USAmusic1939 color 102 min.
Director: Victor Fleming
CAV: out-of-print collectible
2 discs, catalog # CC1159L

Untitled Document

The Wizard of Oz is the most beloved American movie ever made. There are other films that have won more prizes and many that have taken in more money, but no other movie has managed to take hold of the imaginations and hearts of audiences as has this classic fantasy fairy tale. But the picture's immense popularity is a fairly recent phenomenon. When The Wizard of Oz premiered at Loew's Capitol in New York and other theaters across the country, 50 years ago, it did very good business, but not enough to make a profit on its then extraordinary cost of $3,500,000. (By contrast Gone with the Wind, produced the same year by David O. Selznick's independent company, cost only $500,000 more than The Wizard of Oz, but grossed $13,000,000.) The Wizard of Oz had been produced by M-G-M in the hope that it would duplicate the financial success of Walt Disney's 1937 animated classic Snow White and the Seven Dwarfs. (That film had taken in $8,000,000, more money than any picture had ever made in the history of the film business, with the possible exception of 1915's Birth of a Nation, for which accurate records were not kept.)

The Wizard of Oz was not a new film property in 1938 when M-G-M purchased the film rights from producer Samuel Goldwyn for $75,000, who had bought the book from the estate of author L. Frank Baum in 1934 for $40,000. Baum, an ex-actor, playwright, salesman and five-and-dime-store-operator, had written the tale in 1899 when he was 43. He stated his reasons for creating the story in a preface to the original edition: "Folklore, legends, myths and fairy tales have followed childhood throughout the ages, for every healthy youngster has a wholesome and intuitive love for stories fantastic, marvelous, and manifestly unreal . . . Yet the old time fairy tales, having served for generations, may now be classed as 'historical' . . . [and] the time has come for a series of newer 'wonder tales' in which the stereotyped genie, dwarfs and fairy are eliminated, together with all the horrible and bloodcurdling incidents devised by their authors to paint a fearsome moral to each tale . . . Having this thought in mind, the story of The Wonderful Wizard of Oz was written solely to please the children of today. It aspires to being a modernized fairy tale in which the wonderment an joy are retained and the heartaches and nightmares are left out."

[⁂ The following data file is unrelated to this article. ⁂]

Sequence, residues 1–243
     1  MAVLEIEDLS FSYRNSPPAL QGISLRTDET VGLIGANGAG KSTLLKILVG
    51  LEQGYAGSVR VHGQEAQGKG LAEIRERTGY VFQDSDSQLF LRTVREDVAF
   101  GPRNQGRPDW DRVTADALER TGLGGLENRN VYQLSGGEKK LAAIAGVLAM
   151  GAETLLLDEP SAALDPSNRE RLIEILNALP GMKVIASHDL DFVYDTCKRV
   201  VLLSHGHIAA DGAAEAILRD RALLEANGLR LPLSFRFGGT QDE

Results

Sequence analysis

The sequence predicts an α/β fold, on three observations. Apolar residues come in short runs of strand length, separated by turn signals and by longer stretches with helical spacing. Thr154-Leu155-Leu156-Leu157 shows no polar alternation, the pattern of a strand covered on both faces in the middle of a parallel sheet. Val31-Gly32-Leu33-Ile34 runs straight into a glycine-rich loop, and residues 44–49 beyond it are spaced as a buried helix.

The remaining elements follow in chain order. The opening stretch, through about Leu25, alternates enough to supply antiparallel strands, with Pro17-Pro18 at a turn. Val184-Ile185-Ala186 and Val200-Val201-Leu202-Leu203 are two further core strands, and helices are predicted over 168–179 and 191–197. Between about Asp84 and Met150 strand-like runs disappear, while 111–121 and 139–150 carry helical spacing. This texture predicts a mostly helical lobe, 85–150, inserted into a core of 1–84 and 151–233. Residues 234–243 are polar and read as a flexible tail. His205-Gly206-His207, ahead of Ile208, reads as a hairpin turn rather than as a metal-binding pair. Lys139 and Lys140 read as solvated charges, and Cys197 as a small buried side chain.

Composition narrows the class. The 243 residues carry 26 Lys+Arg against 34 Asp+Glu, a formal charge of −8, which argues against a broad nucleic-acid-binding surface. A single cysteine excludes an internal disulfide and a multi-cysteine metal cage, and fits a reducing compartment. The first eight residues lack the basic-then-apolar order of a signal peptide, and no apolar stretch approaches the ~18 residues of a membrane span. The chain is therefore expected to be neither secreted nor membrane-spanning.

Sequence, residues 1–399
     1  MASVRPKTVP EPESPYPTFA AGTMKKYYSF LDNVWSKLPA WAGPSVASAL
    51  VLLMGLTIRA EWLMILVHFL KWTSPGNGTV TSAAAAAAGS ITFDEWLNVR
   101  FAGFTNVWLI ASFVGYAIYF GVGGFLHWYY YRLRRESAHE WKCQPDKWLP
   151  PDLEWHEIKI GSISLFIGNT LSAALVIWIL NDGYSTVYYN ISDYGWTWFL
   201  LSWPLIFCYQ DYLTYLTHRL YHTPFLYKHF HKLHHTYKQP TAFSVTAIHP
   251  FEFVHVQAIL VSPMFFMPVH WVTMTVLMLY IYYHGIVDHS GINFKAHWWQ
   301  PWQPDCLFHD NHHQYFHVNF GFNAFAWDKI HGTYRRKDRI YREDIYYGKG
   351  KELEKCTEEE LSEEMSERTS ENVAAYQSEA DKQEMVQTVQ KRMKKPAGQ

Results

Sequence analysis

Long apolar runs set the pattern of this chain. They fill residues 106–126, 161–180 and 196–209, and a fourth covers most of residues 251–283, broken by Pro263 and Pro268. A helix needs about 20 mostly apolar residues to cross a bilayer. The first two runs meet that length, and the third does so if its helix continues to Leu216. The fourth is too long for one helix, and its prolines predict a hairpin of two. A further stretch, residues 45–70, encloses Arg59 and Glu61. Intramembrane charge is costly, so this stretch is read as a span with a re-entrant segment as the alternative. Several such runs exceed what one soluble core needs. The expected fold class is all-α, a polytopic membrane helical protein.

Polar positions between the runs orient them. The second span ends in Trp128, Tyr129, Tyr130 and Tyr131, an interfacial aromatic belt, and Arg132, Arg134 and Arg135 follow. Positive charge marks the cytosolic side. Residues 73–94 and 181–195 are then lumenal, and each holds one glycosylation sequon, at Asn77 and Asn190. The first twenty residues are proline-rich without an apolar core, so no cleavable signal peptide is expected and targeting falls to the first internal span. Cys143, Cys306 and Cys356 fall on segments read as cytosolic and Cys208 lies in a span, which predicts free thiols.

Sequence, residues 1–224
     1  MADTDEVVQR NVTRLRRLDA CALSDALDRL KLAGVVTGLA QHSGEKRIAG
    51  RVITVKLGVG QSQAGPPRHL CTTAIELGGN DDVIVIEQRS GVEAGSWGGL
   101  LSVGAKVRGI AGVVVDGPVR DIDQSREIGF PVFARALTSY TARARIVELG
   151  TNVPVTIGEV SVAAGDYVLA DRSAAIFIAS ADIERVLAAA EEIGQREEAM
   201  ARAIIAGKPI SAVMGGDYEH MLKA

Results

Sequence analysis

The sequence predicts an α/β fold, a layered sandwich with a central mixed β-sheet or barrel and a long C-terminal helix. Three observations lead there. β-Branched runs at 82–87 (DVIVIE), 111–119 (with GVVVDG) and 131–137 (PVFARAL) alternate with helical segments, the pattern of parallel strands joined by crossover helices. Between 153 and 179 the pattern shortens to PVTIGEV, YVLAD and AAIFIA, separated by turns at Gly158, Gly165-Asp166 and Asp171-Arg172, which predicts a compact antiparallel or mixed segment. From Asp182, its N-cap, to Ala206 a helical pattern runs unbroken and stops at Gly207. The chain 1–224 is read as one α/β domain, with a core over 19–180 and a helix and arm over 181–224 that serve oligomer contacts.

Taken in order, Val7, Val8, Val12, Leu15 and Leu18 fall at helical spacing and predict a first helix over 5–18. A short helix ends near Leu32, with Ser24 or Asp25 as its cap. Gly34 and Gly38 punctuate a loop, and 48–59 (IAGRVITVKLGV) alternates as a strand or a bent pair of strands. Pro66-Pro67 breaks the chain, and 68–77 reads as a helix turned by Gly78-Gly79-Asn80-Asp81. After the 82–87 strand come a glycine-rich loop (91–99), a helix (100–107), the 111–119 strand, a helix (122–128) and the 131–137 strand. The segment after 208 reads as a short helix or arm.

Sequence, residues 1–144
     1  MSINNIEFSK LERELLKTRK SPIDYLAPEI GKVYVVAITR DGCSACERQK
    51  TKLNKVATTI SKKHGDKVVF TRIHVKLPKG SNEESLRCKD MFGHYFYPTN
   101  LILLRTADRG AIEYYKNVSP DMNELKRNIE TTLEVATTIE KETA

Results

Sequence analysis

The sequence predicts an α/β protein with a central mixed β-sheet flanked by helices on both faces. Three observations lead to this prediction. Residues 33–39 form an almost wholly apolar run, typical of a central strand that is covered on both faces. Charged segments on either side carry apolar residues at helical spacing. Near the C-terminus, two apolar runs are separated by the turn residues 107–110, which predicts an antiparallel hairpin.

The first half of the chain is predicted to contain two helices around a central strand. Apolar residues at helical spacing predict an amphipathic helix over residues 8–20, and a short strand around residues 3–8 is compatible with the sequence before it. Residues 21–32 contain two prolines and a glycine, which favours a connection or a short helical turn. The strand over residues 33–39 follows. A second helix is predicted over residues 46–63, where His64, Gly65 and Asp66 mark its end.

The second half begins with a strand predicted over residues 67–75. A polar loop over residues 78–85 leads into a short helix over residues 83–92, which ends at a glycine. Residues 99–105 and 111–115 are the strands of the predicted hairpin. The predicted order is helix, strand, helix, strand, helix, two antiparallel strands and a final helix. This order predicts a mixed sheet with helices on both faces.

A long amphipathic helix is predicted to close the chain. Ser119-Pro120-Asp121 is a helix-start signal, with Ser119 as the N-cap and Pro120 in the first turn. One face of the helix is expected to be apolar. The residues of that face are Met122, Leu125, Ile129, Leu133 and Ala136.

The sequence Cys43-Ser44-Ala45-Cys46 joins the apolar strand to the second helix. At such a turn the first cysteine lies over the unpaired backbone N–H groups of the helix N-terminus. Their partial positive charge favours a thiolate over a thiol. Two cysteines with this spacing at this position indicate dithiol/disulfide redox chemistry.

Baum succeeded in his efforts beyond his wildest imagination, for upon its publication The Wonderful Wizard of Oz became a sensational success, selling out its first printing of 10,000 copies in two weeks. Two years later, Baum adapted the book into a Broadway musical extravaganza which was as great a success as the book had been; it toured the country for years and made stars of David Montgomery as the Scarecrow and Fred Stone as the Tin Woodsman. In 1914, Baum formed the Oz Film Co. and produced 3 five-reel Oz films based on the 13 other books he had written in the series. In 1925, popular film comedian Larry Semon produced his own adaption of The Wizard of Oz, playing the Scarecrow, with Oliver Hardy as the Tin Woodsman. None of these versions, play or film, were faithful to the original Baum story, using only the title, two or three of the main characters and one or two incidents inserted into entirely different plots.

M-G-M's definitive re-telling of the story, one of the most lavish films of its time, stays relatively close to Baum's original, though the Technicolor Oz sequences were framed with a sepia-toned prologue and epilogue set on a Kansas farm very different from the one envisioned by Baum. Unlike the book, the farm in the film version was populated by several characters who would reappear in different guises in the Oz sequences, all of which were explained away as a little girl's dream. Aside from that difference, however, this film version captures perfectly the charm, innocence and wonder of the story.